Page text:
Wright, N.T. Surprised By Hope: Rethinking Heaven, the Resurrection, and the Mission of the Church. (New York: Harper Collins, 2008).
I finished reading this book last night (I've been reading a lot with my wife and daughter being away for 10 days). I think that just about everything written by Wright is pretty fantastic and this book was no exception. In it, Wright challenges the thinking about the resurrection and heaven that have become common place among many Christians today. This typical Christian thought usually goes something like this: When we die our immortal soul or spirit is separated from our bodies and this soul or spirit goes to a place called heaven to be with God until Jesus' second coming when the Christians who have not yet died will be raptured and everyone else will be punished.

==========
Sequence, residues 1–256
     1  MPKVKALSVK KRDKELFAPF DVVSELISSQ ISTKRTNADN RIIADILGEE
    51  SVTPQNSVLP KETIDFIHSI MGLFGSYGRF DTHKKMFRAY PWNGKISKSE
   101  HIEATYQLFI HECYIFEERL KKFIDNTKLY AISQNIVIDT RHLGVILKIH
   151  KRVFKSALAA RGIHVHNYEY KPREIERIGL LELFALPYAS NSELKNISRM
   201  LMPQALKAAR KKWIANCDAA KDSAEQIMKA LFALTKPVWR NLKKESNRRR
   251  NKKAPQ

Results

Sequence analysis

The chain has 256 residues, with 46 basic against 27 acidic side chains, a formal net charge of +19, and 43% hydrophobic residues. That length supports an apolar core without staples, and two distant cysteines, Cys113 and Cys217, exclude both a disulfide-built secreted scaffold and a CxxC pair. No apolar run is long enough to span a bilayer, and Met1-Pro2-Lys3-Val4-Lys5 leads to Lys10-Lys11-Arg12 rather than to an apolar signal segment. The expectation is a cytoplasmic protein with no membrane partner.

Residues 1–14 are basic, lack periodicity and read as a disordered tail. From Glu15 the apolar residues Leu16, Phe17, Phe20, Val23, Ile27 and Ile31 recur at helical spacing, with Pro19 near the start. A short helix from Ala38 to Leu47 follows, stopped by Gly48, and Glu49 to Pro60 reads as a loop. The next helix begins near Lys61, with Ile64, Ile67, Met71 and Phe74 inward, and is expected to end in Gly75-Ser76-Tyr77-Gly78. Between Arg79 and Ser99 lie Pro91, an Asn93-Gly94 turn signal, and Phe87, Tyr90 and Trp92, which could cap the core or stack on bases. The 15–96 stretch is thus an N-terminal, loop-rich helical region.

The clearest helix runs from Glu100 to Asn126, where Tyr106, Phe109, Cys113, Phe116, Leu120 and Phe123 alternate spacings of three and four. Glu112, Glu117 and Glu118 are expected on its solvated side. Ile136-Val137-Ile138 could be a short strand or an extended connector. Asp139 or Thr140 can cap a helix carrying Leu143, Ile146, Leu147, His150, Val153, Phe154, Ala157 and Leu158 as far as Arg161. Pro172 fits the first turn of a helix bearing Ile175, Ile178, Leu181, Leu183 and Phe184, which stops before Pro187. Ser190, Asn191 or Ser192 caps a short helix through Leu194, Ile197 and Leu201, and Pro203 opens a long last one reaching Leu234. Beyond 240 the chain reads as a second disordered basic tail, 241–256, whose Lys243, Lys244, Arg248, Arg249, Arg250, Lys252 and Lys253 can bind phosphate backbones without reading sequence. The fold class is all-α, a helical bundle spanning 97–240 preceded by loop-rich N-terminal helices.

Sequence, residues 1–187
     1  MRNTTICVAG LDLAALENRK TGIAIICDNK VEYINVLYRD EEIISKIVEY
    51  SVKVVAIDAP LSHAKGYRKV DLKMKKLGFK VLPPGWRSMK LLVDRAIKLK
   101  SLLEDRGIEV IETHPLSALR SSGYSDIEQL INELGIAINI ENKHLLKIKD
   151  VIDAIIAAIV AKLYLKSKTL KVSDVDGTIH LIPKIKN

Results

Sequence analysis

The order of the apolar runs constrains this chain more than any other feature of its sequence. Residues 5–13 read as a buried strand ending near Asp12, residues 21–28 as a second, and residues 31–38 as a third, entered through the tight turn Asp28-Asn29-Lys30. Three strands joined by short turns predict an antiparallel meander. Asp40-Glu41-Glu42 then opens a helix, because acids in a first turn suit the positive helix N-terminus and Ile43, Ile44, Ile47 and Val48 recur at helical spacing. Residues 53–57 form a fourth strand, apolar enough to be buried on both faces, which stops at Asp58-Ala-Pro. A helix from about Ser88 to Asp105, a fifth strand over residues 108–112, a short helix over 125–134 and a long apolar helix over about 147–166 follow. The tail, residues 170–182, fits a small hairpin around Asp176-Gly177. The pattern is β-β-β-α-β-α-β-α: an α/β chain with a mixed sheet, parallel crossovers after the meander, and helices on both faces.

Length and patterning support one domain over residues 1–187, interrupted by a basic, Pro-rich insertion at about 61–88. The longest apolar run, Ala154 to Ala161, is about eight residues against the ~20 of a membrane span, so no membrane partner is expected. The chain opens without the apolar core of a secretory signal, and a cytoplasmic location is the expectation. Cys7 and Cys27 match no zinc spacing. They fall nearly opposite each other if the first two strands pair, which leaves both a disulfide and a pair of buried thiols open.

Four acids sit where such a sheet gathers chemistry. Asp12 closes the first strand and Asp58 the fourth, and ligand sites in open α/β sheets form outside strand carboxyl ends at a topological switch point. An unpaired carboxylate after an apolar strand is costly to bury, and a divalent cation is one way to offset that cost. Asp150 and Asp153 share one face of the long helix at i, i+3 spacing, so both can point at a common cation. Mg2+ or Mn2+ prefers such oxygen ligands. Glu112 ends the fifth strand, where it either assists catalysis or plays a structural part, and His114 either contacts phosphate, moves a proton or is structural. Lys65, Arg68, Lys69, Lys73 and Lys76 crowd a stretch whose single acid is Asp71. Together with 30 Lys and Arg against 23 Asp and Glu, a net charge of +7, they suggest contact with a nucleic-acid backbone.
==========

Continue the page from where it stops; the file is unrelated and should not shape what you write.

Wright definitively demonstrates that this is not the orthodox, biblical Christian view of the resurrection as laid out in the New Testament, despite its popularity among many Christians today. Instead, Jesus' resurrection is the beginning of God's new creation. Early Christians did not see Jesus' resurrection as a promise that they would eventually escape this fallen world and go to heaven when they die. It was a promise that God was and is actively working to restore and redeem this world to make it what it should be. As a result, the Christian life and the mission of the Church are not about just remaining pure in this life so that we can get to heaven. The mission of the Church is actually to engage this world in God's work of new creation. Of course, we can never accomplish this work on our own. Only God can establish God's kingdom but we can and should work toward and witness to that kingdom in the here and now.
I have tried to relay many of these same points in my own teaching and preaching but Wright goes into much more detail than I have. I would highly recommend this book to anyone who wants a better understanding about what the New Testament says (and doesn't say) about the resurrection and heaven. The resurrection is so vital to the whole message of the gospel that how we understand it truly impacts how we understand our role as Christians on this earth.